A Christmas Poem 2017 by Elizabeth Hearn Milner

Hamilton Park

Christmas Eve Past

I remember Christmas eve with snow and the glow of my parent’s house.
I remember skiing the golf course hills and the thrills as the red sun set.
I can feel again the chilly air as I stare ahead at my swift, strong, big brother.
I see the faces of laughing, joyful friends and this tends to make me cry.
For like my brother one another have gone forever into “that good night.”
I see us returning together forever and ever to that warm, glowing house.
And the table where we were able to gather to share the food and love.
In the frosty air at night there was the delight of the walk to church.
And the return at midnight in moonlight after the service and the singing.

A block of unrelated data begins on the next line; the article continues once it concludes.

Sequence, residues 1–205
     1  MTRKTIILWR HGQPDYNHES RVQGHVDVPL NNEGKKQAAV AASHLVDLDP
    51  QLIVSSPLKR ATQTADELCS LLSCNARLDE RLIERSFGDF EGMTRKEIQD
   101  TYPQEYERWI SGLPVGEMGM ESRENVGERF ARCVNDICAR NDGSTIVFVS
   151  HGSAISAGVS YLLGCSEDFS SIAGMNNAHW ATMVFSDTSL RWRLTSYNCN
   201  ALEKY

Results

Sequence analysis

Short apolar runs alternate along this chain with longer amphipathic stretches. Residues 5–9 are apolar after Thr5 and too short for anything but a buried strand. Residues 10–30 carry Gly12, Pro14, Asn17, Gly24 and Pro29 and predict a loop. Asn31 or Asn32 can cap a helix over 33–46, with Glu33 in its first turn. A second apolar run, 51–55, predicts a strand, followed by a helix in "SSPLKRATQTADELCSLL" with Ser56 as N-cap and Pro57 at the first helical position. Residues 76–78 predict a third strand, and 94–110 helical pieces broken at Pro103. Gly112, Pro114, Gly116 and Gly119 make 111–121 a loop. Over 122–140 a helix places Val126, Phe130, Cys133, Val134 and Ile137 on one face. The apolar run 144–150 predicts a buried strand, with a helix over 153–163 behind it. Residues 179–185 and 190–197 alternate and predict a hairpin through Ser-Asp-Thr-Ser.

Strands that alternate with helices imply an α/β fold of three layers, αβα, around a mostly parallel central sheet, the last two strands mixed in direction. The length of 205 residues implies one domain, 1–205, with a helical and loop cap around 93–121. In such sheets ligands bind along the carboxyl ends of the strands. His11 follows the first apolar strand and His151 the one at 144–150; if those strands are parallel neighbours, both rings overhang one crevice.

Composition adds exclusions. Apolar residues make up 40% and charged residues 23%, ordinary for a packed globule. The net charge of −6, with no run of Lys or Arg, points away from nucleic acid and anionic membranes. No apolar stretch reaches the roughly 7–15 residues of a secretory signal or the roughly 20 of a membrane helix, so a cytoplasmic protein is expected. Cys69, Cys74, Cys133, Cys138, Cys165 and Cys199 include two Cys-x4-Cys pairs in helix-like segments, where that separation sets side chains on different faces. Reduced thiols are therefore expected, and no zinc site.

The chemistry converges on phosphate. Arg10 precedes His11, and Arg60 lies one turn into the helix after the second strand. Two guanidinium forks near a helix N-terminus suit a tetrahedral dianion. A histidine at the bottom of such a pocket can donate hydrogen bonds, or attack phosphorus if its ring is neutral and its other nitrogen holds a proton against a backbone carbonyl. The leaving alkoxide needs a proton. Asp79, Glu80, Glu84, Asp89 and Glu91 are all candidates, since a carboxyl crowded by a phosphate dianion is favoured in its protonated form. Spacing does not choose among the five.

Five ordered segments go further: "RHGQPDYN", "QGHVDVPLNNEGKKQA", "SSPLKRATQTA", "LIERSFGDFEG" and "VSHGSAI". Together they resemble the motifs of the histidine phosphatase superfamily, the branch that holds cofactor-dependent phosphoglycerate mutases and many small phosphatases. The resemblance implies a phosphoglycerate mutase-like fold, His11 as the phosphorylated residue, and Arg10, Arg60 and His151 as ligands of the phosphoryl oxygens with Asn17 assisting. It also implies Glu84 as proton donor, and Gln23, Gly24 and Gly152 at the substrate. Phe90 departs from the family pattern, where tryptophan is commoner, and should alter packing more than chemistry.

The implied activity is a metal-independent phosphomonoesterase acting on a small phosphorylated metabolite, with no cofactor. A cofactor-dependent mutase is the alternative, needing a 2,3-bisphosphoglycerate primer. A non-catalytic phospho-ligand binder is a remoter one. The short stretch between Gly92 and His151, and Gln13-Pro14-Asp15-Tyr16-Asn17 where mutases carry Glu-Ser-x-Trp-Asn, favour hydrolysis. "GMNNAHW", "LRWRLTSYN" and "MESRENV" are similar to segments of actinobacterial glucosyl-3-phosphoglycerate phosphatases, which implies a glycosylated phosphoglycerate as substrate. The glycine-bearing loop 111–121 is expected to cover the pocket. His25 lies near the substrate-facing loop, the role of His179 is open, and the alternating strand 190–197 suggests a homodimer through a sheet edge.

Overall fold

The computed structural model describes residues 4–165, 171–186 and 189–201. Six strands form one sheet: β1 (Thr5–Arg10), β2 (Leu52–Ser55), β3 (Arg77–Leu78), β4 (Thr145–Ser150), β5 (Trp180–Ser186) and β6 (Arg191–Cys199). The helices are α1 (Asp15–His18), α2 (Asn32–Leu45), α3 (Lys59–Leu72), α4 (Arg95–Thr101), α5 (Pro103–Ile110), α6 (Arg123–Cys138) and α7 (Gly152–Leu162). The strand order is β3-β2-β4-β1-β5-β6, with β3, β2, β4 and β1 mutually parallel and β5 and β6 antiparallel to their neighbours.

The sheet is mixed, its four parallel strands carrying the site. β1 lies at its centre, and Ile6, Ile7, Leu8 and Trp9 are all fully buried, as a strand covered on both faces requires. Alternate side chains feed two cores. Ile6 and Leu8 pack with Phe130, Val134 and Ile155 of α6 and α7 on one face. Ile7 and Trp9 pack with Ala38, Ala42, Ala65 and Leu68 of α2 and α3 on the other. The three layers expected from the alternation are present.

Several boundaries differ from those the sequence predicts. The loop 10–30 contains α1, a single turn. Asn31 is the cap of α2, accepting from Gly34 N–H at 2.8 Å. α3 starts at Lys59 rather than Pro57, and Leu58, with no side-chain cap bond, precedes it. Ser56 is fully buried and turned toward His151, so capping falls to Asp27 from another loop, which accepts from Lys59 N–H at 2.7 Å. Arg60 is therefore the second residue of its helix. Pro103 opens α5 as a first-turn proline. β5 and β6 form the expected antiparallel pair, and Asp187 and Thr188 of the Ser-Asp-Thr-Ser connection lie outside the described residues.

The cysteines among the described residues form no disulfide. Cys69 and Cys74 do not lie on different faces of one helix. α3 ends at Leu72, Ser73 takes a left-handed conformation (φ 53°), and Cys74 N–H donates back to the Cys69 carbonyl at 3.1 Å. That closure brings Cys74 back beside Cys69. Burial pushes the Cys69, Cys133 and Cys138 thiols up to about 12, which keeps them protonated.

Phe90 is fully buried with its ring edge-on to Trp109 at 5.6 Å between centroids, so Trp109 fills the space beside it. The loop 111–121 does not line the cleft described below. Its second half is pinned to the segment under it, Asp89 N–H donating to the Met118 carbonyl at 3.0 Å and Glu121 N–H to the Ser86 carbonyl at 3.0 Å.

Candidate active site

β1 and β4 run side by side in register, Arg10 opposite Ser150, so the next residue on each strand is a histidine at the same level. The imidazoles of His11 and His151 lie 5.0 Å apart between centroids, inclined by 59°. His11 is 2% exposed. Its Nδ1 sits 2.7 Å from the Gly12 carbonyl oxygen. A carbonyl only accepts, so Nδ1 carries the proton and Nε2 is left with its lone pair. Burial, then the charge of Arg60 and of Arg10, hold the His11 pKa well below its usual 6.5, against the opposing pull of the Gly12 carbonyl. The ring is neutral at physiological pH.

Nothing would ever change: I thought I could arrange this in my youth.
Now I see those faces and I grieve I cannot believe my heavy wanting.
Yes, tears and deep, deep yearning is burning in my chest for the past.
Ah Christmas Eve you hurt my heart with these lasting memories.

Elizabeth Hearn Milner, 2017

Aurora 1945-1965

Editor’s Notes: It became now a tradition that Elizabeth Hearn Milner writes us a poem each year. Elizabeth Hearn Milner grew up in Aurora from 1945 to 1965. She is a historian, a lecturer, a writer, and a painter. She has degrees from several universities and has taught for over 30 years. She wrote several books including Aurora 1945-1965, An Ontario Town at a Time of Great Change and her latest Aurora Memories and More available from Aurora Historical Society (Hillary House) and at the Caruso and Co. both located at Yonge Street in Aurora ON.

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